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How to Cook Rice and Why People Wash it before Cooking

Do you know that the rice that we serve in our plates are actually seeds of a grass that comes from the species Oryza. This cereal grain is the most widely consumed staple food in the world especially in Asia and the most important grain as far as human nutrition and calorie intake is concerned. Since its early cultivation in the Pearl Valley of Ancient China, its consumption has spread throughout the Asian continent and eventually the world.

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There are many varieties of rice where the culinary preference tends to vary regionally. Some prefer the softer and stickier variety like the ones you eat in Japan and Vietnam while others want it slightly dry for a longer digestive period. Rice can also come in many colors, shapes and sizes where the most special variety has a long, white, whole grain characteristic. For the health conscious, brown rice is more preferred than polished white rice as it contains more nutrients. Regardless of type and variety, there is one thing in common about rice: you need to cook it.

First is Rinse

Rinsing is the first step in cooking rice. But why do you need to wash it?

When rice is harvested, it does not look similar to what is being served on your plate as it still has its grain cover sheet called bran.

rice by A_of_DooM, on Flickr
Creative Commons Attribution 2.0 Generic License by A_of_DooM

It then undergoes a milling process where the actual rice grain is separated from the covering sheet. There may be some impurities during the process like dust, sand and the like which is the main reason why you need to rinse. But rinsing alone varies per region. In the US, rinsing is only done once as the rice is fortified with vitamins and minerals. Naturally grown rice may need repeated washing to improve the texture and taste. But on the average, rinsing it twice is the preferred method as it does not result in total loss of nutrients while providing a clean and clear water for boiling.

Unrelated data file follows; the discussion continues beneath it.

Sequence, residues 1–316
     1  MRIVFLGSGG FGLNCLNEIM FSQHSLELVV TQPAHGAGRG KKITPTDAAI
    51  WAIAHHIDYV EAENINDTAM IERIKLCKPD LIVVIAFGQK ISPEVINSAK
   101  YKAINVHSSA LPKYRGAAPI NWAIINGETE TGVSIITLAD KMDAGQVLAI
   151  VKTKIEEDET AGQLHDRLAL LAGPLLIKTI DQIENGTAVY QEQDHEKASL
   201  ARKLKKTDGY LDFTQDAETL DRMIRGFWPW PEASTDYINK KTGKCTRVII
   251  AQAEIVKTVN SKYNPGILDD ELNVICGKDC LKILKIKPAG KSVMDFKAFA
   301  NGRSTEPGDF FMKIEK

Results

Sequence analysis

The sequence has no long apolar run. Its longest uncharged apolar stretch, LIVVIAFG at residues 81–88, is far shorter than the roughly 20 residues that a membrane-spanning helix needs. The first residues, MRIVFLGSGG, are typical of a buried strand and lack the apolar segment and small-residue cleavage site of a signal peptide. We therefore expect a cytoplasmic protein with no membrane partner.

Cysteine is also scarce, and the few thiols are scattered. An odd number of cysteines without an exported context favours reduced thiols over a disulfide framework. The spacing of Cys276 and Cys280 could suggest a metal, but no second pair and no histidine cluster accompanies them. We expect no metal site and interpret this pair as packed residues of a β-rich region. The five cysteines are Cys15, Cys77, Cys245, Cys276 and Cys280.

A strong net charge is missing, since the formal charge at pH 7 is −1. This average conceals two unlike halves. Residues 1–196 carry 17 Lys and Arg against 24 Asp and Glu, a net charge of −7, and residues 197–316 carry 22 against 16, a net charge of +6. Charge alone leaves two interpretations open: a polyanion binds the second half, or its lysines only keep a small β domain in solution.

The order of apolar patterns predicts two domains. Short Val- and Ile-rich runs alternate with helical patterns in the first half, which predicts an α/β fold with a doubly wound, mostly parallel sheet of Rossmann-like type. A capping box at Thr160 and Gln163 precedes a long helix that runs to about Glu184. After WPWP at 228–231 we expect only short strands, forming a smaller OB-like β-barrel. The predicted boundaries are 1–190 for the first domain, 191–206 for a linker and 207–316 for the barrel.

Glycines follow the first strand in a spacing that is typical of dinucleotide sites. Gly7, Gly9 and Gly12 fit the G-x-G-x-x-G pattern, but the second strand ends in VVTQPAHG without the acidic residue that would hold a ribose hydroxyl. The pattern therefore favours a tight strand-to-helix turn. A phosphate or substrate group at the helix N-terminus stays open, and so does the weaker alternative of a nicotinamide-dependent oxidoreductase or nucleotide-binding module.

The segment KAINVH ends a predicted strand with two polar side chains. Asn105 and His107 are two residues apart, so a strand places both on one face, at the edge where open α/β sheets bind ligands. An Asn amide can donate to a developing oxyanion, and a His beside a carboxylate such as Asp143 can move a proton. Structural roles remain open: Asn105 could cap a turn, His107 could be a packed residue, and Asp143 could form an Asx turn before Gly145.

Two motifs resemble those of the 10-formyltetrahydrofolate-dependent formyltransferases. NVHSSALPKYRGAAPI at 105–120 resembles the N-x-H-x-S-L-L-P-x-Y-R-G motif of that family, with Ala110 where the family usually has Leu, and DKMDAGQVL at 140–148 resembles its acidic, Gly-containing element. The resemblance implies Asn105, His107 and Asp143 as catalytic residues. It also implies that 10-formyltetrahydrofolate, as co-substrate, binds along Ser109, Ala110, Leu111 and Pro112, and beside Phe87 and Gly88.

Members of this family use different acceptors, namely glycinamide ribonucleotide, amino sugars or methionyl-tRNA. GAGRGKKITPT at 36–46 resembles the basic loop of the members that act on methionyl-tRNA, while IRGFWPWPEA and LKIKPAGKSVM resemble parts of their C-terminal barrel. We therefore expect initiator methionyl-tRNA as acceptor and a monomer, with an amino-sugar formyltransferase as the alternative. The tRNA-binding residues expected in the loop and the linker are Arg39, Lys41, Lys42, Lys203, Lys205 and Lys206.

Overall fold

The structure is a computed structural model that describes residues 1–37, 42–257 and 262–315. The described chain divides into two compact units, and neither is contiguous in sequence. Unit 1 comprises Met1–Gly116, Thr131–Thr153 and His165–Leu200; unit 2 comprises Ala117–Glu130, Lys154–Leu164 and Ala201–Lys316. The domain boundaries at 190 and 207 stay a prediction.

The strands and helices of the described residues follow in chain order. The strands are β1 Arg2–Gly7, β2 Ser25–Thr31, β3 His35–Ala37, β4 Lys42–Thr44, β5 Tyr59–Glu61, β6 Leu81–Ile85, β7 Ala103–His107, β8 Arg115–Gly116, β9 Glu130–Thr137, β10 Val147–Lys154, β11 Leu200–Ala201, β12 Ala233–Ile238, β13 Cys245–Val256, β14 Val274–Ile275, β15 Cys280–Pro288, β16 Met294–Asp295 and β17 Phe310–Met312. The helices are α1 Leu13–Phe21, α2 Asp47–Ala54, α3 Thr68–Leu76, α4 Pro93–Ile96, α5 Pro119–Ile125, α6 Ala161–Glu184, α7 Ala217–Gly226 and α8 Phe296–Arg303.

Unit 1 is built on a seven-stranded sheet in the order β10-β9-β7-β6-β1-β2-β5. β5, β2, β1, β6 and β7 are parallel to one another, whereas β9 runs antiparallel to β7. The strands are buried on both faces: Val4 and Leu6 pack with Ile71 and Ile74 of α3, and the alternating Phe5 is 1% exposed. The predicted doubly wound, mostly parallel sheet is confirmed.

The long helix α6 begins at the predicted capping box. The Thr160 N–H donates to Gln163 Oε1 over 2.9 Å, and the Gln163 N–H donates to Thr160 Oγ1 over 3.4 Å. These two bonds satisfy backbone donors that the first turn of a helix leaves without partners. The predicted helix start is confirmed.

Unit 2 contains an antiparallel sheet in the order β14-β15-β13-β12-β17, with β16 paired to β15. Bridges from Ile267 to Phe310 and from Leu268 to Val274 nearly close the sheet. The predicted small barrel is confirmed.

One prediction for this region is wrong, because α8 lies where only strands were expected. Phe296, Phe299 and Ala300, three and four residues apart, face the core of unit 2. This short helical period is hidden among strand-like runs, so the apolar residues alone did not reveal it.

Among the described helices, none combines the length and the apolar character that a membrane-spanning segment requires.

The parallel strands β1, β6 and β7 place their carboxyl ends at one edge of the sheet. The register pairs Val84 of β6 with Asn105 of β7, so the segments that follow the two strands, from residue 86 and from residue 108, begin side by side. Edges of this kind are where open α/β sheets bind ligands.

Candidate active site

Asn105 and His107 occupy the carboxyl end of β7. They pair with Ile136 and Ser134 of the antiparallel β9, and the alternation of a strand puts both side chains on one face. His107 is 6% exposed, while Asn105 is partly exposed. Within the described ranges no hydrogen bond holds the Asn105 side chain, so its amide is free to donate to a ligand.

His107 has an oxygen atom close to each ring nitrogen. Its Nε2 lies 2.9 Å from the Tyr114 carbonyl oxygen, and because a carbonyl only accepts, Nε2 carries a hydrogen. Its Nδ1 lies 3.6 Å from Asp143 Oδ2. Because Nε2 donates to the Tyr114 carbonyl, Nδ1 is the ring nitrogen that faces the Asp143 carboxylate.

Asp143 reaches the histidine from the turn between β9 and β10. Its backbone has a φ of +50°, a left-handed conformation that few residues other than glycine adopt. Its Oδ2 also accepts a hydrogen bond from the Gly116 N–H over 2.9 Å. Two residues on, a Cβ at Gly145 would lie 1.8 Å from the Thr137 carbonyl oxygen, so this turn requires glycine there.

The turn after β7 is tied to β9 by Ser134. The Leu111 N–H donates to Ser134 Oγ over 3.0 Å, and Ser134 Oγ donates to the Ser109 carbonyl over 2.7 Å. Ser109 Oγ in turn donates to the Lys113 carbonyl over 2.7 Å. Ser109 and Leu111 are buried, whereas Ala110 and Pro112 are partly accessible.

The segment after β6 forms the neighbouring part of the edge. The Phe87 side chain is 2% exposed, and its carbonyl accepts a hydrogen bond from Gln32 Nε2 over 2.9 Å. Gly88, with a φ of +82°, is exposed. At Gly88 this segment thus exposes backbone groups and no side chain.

Use Rice Cooker

The easiest way to cook rice is the use of a rice cooker.  Just pour the desired amount of rice, rinse, add water to the indicated water level, plug it to the socket then push the button on. Wait for 30 to 45 minutes, then you have a newly cooked hot steaming rice.

Note* - If you are having trouble in picking a rice please follow this link to our rice cooker article to help understand the different types.  

But what if you do not have a rice cooker, or perhaps you are on the outdoors. The answer is the use of a conventional or portable stove. With the use of a cooking pot, particularly a calderon cookware, pour the desired amount of rice and rinse. Since there is no water mark level in the calderon, the trick is to place your middle finger, add water until it reaches the first mark of your middle finger. Turn on your stove and place it on maximum fire. Once it is boiling, open the cover of the calderon and lower the fire until water has evaporated. After which, close back the cover and adjust the fire to its minimum for another 10 minutes. The expansion and rising of the rice is an indication that it is already cooked.

You should take note that long grain rice tends to remain intact after cooking, medium grain rice tends to be sticky and short grain rice are stickier which makes it perfect for sushi and rice pudding. But no matter what your culinary preference, the secret in enjoying this Asian staple food is that it is best served while being hot.

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